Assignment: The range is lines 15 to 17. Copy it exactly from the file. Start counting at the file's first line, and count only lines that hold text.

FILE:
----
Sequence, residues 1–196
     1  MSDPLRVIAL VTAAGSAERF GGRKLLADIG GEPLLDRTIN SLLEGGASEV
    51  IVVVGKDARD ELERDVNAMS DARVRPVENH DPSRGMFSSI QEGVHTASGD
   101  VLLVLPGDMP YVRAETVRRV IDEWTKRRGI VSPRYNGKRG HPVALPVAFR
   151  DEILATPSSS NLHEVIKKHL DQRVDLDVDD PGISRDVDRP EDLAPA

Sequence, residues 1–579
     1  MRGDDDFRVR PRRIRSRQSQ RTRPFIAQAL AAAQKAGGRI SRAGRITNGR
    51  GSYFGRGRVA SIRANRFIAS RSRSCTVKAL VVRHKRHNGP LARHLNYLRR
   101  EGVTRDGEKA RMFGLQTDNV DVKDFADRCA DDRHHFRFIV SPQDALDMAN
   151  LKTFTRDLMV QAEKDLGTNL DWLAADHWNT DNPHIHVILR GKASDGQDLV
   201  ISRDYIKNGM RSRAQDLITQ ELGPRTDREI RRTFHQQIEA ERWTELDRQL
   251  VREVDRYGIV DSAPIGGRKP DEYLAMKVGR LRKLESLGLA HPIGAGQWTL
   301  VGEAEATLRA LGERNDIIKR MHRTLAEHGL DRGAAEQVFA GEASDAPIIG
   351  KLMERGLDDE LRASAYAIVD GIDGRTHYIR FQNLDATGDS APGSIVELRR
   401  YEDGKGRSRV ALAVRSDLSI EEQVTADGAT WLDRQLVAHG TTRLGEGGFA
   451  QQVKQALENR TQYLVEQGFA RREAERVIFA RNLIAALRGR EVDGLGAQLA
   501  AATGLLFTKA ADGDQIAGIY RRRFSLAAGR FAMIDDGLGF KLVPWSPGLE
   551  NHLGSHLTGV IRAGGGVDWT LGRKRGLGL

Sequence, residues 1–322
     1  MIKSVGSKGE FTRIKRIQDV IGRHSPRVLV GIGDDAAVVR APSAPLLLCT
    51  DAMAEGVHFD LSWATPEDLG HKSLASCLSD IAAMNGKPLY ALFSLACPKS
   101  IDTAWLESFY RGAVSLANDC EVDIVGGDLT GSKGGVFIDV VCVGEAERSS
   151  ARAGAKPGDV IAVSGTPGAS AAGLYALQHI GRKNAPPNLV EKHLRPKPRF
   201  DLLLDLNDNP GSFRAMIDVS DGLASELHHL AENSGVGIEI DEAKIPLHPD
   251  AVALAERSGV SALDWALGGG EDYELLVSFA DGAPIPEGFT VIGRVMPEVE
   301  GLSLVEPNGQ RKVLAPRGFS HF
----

   401  YEDGKGRSRV ALAVRSDLSI EEQVTADGAT WLDRQLVAHG TTRLGEGGFA
   451  QQVKQALENR TQYLVEQGFA RREAERVIFA RNLIAALRGR EVDGLGAQLA
   501  AATGLLFTKA ADGDQIAGIY RRRFSLAAGR FAMIDDGLGF KLVPWSPGLE